If you had been in the audience for Saturday's Michael Tilson Thomas–led San Francisco Symphony concert, and had opened the printed program at random, more likely than not you would have hit the page of bios for the soloists in Beethoven's Ninth Symphony, which are just at the midpoint of the booklet. You might, on the other hand, have landed a few pages further on, with your eye lighting on the bolded phrase "abnormal thoughts and behavior." Part of the Ninth's program note? No, silly; that's the four-page bound-in pharmaceutical circular for Ambien© and AmbienCR©.
It was a hot and sticky night, and the gut strings weren't staying where they were supposed to. "With luck, there'll be more music than tuning on this concert," quipped violinist Elizabeth Blumenstock after an opening couple of minutes' struggle with her instrument's pegbox.
Early Sunday morning, a visitor to Atherton's Menlo School might have seen a smallish crowd of eager-looking people congregating around the steps of Stent Family Hall. A number of these folks might further be seen to be carrying copies of a small, bright-red, hardbound volume. The hymnal of an esoteric sect? The Sayings of Chairman Mao? No, silly, the Boosey & Hawkes score of the complete Bartók string quartets.
The didactic imperative runs deep, if gentle, at [email protected]. Every season and indeed every program boasts a design, one calculated to make the audience hear anew, or differently, or both. But throw a roster of musicians of the [email protected] caliber together on programs, and the lessons you planned for your listeners might not be the only ones they learn.
The American Bach Soloists began, 20 years ago, as an ensemble formed by tenor and conductor Jeffrey Thomas specifically to perform the Bach choral/vocal works. If the group branched out rather rapidly in other directions (including, most famously, a Beethoven Ninth Symphony at the 1994 Berkeley Early Music Festival, recorded live and subsequently issued on CD), still it has tended not to stray far from home in more than one direction at once.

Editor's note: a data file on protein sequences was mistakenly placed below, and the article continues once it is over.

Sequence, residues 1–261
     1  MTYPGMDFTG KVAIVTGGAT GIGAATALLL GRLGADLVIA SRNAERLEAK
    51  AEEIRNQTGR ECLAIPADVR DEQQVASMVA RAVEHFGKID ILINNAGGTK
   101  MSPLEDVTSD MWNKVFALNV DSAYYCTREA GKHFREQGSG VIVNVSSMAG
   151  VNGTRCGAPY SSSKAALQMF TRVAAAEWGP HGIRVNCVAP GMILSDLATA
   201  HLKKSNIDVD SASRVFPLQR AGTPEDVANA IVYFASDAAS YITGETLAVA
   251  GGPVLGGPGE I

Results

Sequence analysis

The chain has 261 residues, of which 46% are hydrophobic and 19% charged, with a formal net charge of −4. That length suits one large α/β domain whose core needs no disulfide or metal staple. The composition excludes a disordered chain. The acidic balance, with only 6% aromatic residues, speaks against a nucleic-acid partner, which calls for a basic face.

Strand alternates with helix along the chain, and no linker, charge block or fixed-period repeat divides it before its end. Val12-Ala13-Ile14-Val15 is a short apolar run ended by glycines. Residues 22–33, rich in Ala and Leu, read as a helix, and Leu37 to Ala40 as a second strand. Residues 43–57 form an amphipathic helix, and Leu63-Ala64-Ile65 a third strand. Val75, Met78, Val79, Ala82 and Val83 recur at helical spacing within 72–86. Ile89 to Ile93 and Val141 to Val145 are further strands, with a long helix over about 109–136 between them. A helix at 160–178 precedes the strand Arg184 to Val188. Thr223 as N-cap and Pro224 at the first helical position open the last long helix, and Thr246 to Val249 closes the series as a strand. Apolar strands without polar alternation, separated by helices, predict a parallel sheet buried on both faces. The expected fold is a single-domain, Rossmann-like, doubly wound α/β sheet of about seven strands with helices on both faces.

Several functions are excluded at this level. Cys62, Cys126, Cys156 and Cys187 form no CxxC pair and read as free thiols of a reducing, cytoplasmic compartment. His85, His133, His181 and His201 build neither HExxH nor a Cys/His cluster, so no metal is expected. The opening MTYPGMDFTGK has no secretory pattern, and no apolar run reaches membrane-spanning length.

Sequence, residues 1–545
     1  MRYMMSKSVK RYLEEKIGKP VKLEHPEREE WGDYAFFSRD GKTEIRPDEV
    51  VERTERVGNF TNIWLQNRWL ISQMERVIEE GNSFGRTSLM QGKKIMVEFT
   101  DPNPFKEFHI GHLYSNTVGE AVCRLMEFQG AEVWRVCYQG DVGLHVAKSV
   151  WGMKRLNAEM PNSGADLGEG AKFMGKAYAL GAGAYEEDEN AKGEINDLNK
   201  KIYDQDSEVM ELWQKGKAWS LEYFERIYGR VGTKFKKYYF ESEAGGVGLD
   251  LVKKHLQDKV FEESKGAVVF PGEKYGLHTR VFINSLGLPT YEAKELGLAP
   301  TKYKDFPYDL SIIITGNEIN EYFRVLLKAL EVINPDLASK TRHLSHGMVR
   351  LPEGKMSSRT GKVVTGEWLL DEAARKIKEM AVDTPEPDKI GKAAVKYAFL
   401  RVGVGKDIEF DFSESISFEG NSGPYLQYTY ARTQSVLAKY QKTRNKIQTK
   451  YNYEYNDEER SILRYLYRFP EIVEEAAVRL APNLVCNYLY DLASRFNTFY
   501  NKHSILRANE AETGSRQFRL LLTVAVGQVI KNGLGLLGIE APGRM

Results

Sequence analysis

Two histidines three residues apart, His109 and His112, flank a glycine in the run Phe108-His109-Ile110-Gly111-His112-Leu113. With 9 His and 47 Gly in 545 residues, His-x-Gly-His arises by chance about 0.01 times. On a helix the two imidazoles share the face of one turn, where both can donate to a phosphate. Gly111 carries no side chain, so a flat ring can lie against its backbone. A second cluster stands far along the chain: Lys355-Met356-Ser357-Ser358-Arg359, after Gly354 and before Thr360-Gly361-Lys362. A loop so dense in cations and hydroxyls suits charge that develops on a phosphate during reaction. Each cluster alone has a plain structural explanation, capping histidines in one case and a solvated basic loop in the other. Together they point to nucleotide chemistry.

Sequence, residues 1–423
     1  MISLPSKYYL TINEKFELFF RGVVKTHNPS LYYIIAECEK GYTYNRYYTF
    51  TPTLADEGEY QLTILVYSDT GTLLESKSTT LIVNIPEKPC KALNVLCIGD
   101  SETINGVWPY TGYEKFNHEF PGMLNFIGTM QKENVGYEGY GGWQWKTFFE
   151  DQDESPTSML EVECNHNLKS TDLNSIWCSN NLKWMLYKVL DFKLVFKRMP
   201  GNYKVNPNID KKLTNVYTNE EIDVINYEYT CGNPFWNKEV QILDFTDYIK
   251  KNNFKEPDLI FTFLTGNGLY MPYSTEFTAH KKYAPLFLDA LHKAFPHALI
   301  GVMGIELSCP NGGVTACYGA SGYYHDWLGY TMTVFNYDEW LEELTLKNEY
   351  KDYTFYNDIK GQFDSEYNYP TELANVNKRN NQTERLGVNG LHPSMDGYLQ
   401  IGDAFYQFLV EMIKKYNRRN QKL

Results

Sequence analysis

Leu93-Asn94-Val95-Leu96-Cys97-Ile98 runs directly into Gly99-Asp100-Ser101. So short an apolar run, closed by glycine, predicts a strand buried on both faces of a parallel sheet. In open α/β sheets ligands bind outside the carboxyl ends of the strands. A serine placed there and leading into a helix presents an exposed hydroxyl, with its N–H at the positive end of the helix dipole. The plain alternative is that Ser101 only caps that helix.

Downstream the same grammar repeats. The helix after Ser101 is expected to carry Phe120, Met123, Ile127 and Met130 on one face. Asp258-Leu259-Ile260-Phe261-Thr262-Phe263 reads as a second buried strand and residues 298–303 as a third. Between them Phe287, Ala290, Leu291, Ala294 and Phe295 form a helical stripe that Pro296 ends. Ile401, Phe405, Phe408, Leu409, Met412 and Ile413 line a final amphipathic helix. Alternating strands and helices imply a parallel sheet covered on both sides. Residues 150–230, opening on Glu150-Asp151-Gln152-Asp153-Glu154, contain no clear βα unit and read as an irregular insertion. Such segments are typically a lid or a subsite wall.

The New Century Chamber Orchestra's next season will see the orchestra with a regular music director again, in the person of the newly hired Nadja Salerno-Sonnenberg. Still, the ensemble's two-year run of guest-directed concerts, a running adventure that has resulted in far more hits than misses, is ending on a high note.
The Left Coast Chamber Ensemble is unique among the Bay Area's new-music-focused ensembles in spending a fair amount of time outside the 21st or even 20th centuries. LCCE programs typically juxtapose new, 20th-century, and yet older works playable with a particular clutch of four or five instrumentalists, the instrumentarium changing from program to program as each of the ensemble's 12 players gets a lick in.
There's a certain satisfaction to be derived from designing a program that combines a narrow focus with enough variety to work as an actual concert, and I imagine that San Francisco Symphony Associate Conductor James Gaffigan was modestly proud of the one he and the orchestra brought off Thursday afternoon. On paper the focus was, in one way, laser-tight: three works of Russian composers, all dating from within a few years of one another in the 1940s.
An entire program's worth of Haydn is not something the San Francisco Symphony is apt to serve up every year, so thanks are due up front to guest conductor Bernard Labadie for Friday night's generous helping. The program, which also featured the Symphony Chorus and an excellent quartet of vocal soloists, had a martial theme, bringing together the Missa in tempore belli (Mass in time of war) of 1796 and the “Military” Symphony (No. 100) of 1794, with Haydn's second, late setting of the Te Deum as opener.